Finally, appellant earnestly insists that section 259 of the Probate Code dealing with reciprocal rights of nonresident aliens to land and personal property by inheritance or succession is void and unconstitutional because the California statute invades the domain of foreign affairs which is the exclusive prerogative of the federal government, and fully occupied by it. The federal power invoked by appellant is based upon the provisions of the Federal Constitution investing the treaty-making power in the federal government (Const.U.S., art. I, sec. 8, clause 11); and the provisions of the Constitution which prohibit states from entering into treaties with other powers (Const.U.S., art. I, sec. 10, clause 1).
These claims of appellant in so far as the instant case is concerned, were decided adversely to him by the Supreme Court of the United States in Clark v. Allen, 67 S.Ct. 1431, 1438, wherein the court said:
‘We accordingly hold that Article IV of the treaty does not cover personalty located in this country and which an American citizen undertakes to leave to German nationals. We do not know from the present record the nationality of Alvina Wagner. But since the issue arises on the Government's motion for judgment on the pleadings, we proceed on the assumption less favorable to it, viz., that she was an American citizen.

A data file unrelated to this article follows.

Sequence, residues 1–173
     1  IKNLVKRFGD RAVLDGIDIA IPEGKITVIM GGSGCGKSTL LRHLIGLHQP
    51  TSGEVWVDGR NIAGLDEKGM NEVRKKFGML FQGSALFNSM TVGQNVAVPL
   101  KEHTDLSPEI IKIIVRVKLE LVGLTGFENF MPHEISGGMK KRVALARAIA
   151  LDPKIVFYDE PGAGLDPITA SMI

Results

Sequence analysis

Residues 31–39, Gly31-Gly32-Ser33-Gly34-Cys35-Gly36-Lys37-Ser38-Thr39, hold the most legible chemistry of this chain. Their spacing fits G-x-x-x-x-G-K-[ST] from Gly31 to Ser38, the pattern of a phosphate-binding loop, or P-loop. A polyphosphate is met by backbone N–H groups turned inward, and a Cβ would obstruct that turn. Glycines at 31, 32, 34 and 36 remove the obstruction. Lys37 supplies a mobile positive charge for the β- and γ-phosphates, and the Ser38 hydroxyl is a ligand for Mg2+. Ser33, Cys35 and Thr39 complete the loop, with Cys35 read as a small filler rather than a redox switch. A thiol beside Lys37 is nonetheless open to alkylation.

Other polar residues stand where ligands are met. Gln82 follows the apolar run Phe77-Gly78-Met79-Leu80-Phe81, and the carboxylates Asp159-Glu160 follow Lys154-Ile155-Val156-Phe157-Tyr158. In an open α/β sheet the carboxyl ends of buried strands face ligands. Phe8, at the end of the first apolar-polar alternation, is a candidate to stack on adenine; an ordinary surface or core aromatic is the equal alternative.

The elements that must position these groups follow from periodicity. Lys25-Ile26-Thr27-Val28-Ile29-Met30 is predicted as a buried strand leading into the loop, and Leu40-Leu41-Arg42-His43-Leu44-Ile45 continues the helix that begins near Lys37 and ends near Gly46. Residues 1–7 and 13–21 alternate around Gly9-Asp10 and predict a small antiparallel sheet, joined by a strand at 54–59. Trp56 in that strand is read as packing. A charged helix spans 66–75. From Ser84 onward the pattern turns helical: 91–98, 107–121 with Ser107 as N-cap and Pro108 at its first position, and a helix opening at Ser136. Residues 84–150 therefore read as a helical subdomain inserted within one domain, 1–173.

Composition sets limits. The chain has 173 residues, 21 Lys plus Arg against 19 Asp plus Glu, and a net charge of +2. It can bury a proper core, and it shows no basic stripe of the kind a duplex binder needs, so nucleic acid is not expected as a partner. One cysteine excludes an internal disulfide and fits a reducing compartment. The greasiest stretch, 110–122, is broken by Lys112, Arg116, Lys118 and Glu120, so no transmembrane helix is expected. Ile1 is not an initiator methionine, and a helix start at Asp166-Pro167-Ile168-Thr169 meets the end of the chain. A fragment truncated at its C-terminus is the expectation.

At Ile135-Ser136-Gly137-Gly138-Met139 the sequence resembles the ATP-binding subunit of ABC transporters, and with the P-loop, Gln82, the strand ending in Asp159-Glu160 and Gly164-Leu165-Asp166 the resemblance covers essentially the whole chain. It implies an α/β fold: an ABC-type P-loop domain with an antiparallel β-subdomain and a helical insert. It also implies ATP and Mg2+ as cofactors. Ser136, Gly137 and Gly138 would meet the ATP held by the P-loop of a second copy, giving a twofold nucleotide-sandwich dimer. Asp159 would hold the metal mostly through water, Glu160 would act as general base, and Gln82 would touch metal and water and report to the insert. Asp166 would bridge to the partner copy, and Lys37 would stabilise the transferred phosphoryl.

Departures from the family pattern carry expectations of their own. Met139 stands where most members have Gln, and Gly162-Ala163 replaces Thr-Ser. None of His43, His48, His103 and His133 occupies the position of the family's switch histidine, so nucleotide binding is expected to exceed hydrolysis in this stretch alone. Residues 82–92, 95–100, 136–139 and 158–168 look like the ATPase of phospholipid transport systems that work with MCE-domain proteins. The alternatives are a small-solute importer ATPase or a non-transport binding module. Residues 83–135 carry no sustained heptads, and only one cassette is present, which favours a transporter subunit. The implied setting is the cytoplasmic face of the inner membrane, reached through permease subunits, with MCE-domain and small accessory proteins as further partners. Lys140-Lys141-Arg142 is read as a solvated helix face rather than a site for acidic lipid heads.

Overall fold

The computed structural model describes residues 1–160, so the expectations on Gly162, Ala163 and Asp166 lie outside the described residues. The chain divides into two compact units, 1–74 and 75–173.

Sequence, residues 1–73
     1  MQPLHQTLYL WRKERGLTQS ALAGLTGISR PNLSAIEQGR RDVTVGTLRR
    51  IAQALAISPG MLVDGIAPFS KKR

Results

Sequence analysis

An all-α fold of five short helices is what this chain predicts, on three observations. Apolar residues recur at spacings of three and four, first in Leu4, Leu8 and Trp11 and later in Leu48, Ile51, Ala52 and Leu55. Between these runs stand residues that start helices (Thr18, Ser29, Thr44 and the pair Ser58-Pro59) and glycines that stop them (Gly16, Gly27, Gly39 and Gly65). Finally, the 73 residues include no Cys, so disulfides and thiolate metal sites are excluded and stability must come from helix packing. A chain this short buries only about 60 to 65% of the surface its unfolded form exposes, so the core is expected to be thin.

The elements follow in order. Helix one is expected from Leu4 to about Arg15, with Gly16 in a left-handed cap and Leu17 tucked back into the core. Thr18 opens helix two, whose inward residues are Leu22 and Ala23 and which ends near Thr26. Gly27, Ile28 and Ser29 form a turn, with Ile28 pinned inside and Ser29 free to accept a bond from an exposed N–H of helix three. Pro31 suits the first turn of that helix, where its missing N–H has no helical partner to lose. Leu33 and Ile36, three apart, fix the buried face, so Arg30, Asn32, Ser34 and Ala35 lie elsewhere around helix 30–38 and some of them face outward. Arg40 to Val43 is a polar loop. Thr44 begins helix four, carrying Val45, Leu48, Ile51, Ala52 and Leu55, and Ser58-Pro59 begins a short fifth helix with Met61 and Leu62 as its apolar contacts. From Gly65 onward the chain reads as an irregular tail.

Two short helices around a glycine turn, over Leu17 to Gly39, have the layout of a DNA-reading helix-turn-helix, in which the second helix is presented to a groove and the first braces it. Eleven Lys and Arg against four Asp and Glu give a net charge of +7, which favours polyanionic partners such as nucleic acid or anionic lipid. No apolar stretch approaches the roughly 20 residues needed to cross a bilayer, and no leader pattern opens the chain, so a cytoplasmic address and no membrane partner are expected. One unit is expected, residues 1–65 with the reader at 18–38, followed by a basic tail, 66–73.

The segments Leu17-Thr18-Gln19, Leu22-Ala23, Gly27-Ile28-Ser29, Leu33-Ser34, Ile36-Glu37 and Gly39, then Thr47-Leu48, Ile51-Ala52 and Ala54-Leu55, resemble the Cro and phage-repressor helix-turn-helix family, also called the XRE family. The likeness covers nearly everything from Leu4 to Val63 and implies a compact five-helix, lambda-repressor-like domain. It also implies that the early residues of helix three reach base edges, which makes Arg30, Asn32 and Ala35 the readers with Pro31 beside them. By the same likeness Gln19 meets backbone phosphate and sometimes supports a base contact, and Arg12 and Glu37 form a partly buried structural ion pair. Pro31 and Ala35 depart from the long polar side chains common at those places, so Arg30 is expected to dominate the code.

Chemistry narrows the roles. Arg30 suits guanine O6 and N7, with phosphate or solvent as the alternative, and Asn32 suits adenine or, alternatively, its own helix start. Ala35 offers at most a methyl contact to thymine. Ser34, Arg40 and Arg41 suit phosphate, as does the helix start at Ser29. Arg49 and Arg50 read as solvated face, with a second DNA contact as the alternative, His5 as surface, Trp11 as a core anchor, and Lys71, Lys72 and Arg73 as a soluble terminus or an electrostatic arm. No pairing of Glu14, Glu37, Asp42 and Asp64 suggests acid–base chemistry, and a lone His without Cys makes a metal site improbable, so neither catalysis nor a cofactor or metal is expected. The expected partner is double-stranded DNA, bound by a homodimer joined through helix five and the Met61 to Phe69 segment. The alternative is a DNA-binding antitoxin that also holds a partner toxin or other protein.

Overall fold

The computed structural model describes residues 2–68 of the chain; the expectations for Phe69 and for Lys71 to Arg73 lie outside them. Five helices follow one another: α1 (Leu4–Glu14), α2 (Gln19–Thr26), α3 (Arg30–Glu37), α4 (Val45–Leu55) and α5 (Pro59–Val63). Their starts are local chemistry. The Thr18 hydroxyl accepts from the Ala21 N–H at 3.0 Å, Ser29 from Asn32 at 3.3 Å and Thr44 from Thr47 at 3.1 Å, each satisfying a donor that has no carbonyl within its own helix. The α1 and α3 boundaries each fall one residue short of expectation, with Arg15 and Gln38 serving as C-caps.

‘Fourth. It is argued, however, that even though the provision of the treaty is inapplicable, the personalty may not be disposed of pursuant to the California statute because that statute is unconstitutional. Issues under the Fourteenth Amendment are not raised as in Terrace v. Thompson, 263 U.S. 197, 44 S.Ct. 15, 68 L.Ed. 255. The challenge to the statute is that it is an extension of state power into the field of foreign affairs, which is exclusively reserved by the Constitution to the Federal Government. That argument is based on the fact that under the statute the right of non-resident aliens to take by succession or testamentary disposition is dependent upon the existence of a reciprocal right on the part of citizens of the United States to take personalty on the same terms and conditions as residents and citizens of the other nation. The argument is that by this method California seeks to promote the right of American citizens to inherit abroad by offering to aliens reciprocal rights of inheritance in California. Such an offer of reciprocal arrangements is said to be a matter for settlement by the Federal Government on a nation-wide basis.